and the latter from the group U2, form a two-part medley that moves from the freedom of the dance to the fear of the dark city streets. "The dancing girl" referenced in one lyric is the embodiment of the free spirit seeking her lover in the wide expanses of time and space. In the other, following a repetitive piano single-note backing, the full ensemble comes in to emphasize the "streets that have no name." These are the streets of the sometimes terrifying fears we all have about life. Billy Drummond
escalates the tension with his pulsating use of the drum set, providing the dramatic ending of lovers encountering life's enduring difficulties.
"Ana Maria's Song" first appeared in Wayne Shorter
's album, Native Dancer
(Columbia, 1974). Souter added her own beautiful lyrics comparing the loved one to light and shadow, stars at night, and then "the new day dawning" in the world of nature. The reverent mood of Souter's singing is highlighted by a lovely guitar solo by Yotam Silberstein
, comped by piano, bass and drums.
A Brazilian flavor is added to the mix with Jon Lucien
's, "Child of Love." Souter sings about a love child, perhaps herself, welcomed and adored by her father. Silberstein provides a wonderful solo that reflects the bossa nova movement.
"Picture in Black and White," a Souter original, is the title tune that captures the broad theme of the album: regret at not having known her father earlier in life. He is now just an old photograph. She regrets all she missed because he wasn't there for her. Her absent, abandoning father could have been her hero. "A sad and lonely melody of all you were / And never were to me," vaguely but appropriately reminiscent of the song "Both Sides Now:" "It's love's illusion I recall/ I really don't know love at all."
Another Souter original, "You Don't Have to Believe," bears an ironic relationship to Michel Legrand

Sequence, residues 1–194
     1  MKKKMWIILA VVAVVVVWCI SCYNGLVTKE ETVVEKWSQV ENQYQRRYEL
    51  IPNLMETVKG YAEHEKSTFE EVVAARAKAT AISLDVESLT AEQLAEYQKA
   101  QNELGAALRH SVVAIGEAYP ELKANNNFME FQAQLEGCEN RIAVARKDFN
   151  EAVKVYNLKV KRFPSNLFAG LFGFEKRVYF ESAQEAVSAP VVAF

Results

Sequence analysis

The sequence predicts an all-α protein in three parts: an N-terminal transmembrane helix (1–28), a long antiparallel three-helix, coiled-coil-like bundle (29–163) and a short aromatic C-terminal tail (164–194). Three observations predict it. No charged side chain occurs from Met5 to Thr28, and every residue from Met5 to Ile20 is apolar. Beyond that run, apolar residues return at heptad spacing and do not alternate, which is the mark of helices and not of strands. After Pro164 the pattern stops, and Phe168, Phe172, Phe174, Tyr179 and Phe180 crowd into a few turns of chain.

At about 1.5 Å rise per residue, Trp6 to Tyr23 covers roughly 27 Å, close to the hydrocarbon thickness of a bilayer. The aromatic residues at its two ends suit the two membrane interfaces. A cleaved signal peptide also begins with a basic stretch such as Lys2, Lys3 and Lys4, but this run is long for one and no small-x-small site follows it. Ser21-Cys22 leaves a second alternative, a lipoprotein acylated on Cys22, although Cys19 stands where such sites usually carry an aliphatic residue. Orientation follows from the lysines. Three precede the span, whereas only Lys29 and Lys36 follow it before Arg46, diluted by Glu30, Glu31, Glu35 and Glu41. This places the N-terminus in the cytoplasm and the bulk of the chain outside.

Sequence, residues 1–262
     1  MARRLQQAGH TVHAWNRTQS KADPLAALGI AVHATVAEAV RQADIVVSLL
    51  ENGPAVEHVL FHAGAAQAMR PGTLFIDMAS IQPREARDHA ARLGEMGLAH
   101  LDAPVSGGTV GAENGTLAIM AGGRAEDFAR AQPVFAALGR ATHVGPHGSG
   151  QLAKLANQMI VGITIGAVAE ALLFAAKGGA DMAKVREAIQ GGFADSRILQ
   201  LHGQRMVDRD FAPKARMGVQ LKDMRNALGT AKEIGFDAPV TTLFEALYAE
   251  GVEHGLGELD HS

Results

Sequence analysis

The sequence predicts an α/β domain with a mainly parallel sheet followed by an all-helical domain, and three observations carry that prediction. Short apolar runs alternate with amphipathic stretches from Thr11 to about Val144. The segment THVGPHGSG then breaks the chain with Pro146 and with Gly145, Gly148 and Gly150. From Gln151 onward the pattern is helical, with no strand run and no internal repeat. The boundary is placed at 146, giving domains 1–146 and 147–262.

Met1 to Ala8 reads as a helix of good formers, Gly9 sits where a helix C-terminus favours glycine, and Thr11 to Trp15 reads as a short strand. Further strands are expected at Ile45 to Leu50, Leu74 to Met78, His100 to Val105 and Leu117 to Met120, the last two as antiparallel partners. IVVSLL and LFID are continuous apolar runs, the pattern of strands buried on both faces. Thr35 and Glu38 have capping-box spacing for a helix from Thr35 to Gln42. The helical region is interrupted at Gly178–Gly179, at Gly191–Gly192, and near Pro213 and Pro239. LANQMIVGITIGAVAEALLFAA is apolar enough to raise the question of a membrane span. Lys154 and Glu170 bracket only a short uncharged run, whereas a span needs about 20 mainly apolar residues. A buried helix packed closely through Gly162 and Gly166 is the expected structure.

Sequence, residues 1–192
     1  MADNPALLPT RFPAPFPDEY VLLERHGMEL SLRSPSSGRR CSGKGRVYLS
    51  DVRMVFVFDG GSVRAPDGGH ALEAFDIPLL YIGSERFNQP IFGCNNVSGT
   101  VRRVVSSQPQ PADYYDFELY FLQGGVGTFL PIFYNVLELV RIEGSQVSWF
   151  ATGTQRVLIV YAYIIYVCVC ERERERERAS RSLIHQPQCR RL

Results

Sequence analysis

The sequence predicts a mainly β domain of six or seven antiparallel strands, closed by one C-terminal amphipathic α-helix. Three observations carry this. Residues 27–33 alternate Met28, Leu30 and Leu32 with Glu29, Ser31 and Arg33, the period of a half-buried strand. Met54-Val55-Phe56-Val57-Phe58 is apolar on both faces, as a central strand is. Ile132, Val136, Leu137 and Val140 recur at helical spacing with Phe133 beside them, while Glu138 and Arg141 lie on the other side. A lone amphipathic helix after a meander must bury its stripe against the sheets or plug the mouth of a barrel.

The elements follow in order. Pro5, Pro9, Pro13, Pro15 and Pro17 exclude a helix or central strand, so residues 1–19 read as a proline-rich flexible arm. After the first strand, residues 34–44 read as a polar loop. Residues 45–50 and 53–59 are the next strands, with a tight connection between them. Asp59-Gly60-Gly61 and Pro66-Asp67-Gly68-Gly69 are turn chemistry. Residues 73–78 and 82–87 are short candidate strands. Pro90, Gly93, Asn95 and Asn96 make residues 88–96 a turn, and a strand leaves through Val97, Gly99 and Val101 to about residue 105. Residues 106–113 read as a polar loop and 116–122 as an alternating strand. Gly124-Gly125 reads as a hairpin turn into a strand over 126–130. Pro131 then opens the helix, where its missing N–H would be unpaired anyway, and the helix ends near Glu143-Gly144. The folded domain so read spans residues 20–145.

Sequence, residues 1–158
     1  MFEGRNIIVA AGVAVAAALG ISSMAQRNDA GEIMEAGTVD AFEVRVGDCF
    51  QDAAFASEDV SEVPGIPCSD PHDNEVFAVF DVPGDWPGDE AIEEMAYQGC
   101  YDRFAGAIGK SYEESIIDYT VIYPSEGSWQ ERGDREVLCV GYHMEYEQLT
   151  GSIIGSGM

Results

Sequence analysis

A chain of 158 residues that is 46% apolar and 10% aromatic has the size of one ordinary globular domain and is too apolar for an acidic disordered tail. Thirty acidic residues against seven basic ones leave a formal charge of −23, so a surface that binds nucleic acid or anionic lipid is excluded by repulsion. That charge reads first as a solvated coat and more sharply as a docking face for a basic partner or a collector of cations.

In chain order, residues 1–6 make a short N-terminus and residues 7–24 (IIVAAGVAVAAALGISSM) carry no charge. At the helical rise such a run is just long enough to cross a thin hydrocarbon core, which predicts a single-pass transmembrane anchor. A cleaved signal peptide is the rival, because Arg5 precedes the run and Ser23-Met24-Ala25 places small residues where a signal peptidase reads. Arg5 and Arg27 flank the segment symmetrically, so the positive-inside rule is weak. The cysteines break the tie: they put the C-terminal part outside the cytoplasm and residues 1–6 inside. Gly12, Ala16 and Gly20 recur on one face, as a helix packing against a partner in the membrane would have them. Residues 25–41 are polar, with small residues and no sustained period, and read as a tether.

's "You Must Believe in Spring" (even though someone you love doesn't come through for you). Despite such disappointment, hope is in nature and springtime. "But above the clouds of gray and the dark, the sky is always blue / That doesn't depend on you." The search for roots takes this song to Spain with a feeling of a flamenco dance. The rhythmic pulse is sustained with outstanding percussion and Spanish guitar work.
"Reynardine" is a traditional old English ballad. It's a song of a woman's abduction by a mythical creature, animal or human, depending on the particular version. In Souter's lyrics, it's about a benign old man of the mountain seeking a lover. It is done as a folk ballad with guitar and oud accompaniment.
The focus then shifts to the maternal, feminine archetype. A tango-like dance rhythm calls forth Vicki Burns' "Siren Song" of a daughter hearing the voice of her "queen" (mother) on the beach at the ocean. "Because the tide is strong and may pull me into your embrace / I hear your siren song echo across the water."
"Lonely Woman" is Ornette Coleman
's melancholy lament. The bass playing echoes that of Charlie Haden
on the original Coleman recording. There are fine soft exchanges between bass, drums and percussion. Souter's rendition measures up to the best interpretations of this standard by female vocalists.
The album concludes with Brazilian singer Milton Nascimento
's "Nothing Will Be As It Was." It is about being on the road, an experience that changes everything. This is the transformation that Souter's search for her father has led to. The sense of irony and sadness summarizes the pervasive emotionality of loss that can be heard throughout Souter's remarkable journey to the interior of the human heart.
Kothbiro; Ayub Ogada; Contemplation
(Ancestors); A Taste of Honey; Dancing Girl/Where
the Streets Have No Name; Ana Maria’s Song; Child of Love; Picture in Black and White; You
Don’t Have to Believe; Reynardine; Siren Song; Lonely Woman; Nothing Will Be As It Was.